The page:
At its best, Long Island is a stew of different people where former borders are irrelevant. It is the place built on a shared love of the American dream, but flavored by former locales and imported traditions. At its worst, these New York suburbs are a hodgepodge of ethnic cantons that rarely mix and where people view such intermingling as forbidden. Each town and village has a unique ethnic makeup that is then closely guarded and protected. One town is Italian. Another Jewish. Over there it is Latino. And that neighborhood, Asian.
I wonder. What is authentically American? What makes America great? What makes America America?
Most will watch this weekend’s Super Bowl. We are told it is the quintessential American event. Is the pizza that millions will eat during the game what defines us? At one time pizza was likewise deemed foreign. It, of course originated in Italy (Naples to be exact) and could not be found in the United States until the early 1900’s. And yet now, over 100 years later, it is considered an American staple.
Who is authentic? Who is an American?
Recently, I traveled thousands of miles within a few miles of my home. Fifteen minutes drive from my Long Island town is Apna Bazar, an Indian superstore. There, I went food shopping. I was determined to find a more authentic curry. I was tired of the meager selection at other supermarkets. I thought I might purchase some rice as well, but became discouraged when I could not find a bag smaller than ten pounds. I skipped over vegetables I could not identify. There were so many different types of gourds–at least I think that’s what they were.
It was a delicious adventure. In minutes I could smell and taste another land. Here, in the United States, I can relish in such differences.
I became disoriented in the spice aisle and spent some thirty minutes searching for a curry that I thought might suit my palate. Those more familiar with Indian cuisine popped in and out, grabbing what they needed in a few seconds. I quietly admired their know-how. I finally made my selection.
I traveled thousands of miles east when I drove another two minutes to H-Mart, an Asian superstore. Again, I entered a different world. I ran hurriedly past the sea creatures, still moving about in their tanks. I think one was a squid. I dawdled in the mushroom section. There were so many choices. I rejected purchasing the ten pound bag of bean sprouts and the five pounds of Kimchi. The bok choy was plentiful and inexpensive. Again, making a choice was not simple. I thought there were only two varieties: regular and baby bok choy. But I was again on a mission; this time to buy sushi rice. I sampled Korean golden pears. How could I resist purchasing a box?
These two stores opened in the past five years. I don’t imagine they opened to cater to my occasional culinary detours when I vow to do more than make brisket and chicken soup. They opened because there is now a sizeable population of people who immigrated from the Indian subcontinent and the Far East living on Long Island.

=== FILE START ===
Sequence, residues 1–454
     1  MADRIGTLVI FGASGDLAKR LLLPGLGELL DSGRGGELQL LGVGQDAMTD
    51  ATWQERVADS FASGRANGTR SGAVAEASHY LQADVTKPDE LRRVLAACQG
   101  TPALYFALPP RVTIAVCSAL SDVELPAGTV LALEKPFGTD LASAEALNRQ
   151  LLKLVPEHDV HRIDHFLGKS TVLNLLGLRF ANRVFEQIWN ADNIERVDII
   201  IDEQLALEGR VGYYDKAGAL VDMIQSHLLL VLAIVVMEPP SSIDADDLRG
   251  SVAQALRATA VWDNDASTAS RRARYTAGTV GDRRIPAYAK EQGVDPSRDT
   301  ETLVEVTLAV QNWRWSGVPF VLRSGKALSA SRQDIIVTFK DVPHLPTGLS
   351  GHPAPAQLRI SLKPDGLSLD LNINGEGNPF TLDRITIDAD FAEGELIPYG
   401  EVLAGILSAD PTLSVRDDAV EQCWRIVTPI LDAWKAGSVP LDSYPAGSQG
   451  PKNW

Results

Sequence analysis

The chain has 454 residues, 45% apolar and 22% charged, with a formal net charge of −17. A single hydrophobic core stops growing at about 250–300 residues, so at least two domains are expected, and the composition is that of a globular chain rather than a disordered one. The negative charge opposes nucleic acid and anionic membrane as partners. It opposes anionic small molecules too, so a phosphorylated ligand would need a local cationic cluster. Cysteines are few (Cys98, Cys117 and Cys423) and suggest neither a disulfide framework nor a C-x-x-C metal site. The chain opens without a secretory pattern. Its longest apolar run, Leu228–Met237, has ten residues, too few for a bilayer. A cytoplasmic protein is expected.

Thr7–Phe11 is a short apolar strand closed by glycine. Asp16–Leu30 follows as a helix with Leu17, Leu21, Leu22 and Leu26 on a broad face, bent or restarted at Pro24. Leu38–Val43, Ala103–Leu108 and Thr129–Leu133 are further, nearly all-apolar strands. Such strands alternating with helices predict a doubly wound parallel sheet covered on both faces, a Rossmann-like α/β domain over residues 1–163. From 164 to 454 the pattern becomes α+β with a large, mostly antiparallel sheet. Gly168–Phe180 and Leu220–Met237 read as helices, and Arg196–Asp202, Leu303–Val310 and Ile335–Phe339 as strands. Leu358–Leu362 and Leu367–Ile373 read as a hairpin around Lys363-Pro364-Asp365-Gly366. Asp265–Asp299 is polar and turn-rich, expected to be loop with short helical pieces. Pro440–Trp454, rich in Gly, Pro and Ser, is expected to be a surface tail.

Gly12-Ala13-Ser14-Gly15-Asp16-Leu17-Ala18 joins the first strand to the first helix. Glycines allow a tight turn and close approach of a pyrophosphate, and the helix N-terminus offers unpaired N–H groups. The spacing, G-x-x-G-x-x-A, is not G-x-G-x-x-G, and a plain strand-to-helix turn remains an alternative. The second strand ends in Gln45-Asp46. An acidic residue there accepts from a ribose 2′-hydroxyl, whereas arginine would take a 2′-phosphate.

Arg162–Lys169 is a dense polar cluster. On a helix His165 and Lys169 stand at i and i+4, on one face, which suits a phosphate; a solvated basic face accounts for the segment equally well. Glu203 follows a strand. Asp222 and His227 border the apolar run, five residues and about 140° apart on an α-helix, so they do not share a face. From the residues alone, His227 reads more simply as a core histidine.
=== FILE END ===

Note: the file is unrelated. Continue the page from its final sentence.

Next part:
Some people think this is a terrible thing. The character of this town or that village is changing. And people hate change.
Even though the world is always changing, we like to pretend that it is always the same–or that the past we imagine was somehow more homogeneous. We foist these notions on our neighborhoods. We believe that the place we call home will always be how we first saw it and imagined it. We think that our neighborhood will forever remain the same and our neighbors will always be just like when we first moved in.
Let’s be honest. What this belief really means is that our neighbors will always look like us. That’s how, in truth, most people choose a neighborhood in which to live.
My imagination is colored by my memory. I recall what it was like to be the first Jewish family to move onto our street. I remember my grandparents’ stories about finding their way in a not always so welcoming New York. They were the ones changing the character of the neighborhood. Or so they were accused. Brooklyn became their home.
And America became their dream. They imbibed its values. They savored its ethos.
Its taste lingers on in successive generations. Its greatness is magnified in street after street, neighborhood after neighborhood, and store after store. The world is within reach–not only online but around the corner as well. It is now within miles of my doorstep. And this is a good thing. It is a good I love exploring–and tasting. And it is a good that renews and perpetuates the American dream.
What unites us is not some food. It is instead a shared dream. It is not about the pizza or the hamburger (probably from Greece by the way). There is very little of American cuisine that has its origins in this land. Then again, food accompanies people on their wanderings. They grab a spice from here and a vegetable from there. They pick a fruit on their journeys and then plant it here.
They carry a recipe from what was once home. It is seasoned by the new neighborhood. It is flavored by this new home.
And it is supposed to be shared with neighbors. We are, in truth, meant to eat together.
Perhaps this begins by shopping on each other’s corner.
Rabbi Steven Heneson Moskowitz is the rabbi of Congregation L’Dor V’Dor, a vibrant synagogue on Long Island’s North Shore. His writing appears in a variety of publications including Reform Judaism and The Times of Israel. He also blogs at rabbimoskowitz.com